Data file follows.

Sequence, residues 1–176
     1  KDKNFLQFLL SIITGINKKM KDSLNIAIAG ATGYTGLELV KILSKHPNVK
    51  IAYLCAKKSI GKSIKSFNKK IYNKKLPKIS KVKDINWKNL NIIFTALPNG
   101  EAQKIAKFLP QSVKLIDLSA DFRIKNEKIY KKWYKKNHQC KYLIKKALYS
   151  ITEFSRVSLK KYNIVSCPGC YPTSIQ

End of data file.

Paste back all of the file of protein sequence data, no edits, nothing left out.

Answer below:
Sequence, residues 1–176
     1  KDKNFLQFLL SIITGINKKM KDSLNIAIAG ATGYTGLELV KILSKHPNVK
    51  IAYLCAKKSI GKSIKSFNKK IYNKKLPKIS KVKDINWKNL NIIFTALPNG
   101  EAQKIAKFLP QSVKLIDLSA DFRIKNEKIY KKWYKKNHQC KYLIKKALYS
   151  ITEFSRVSLK KYNIVSCPGC YPTSIQ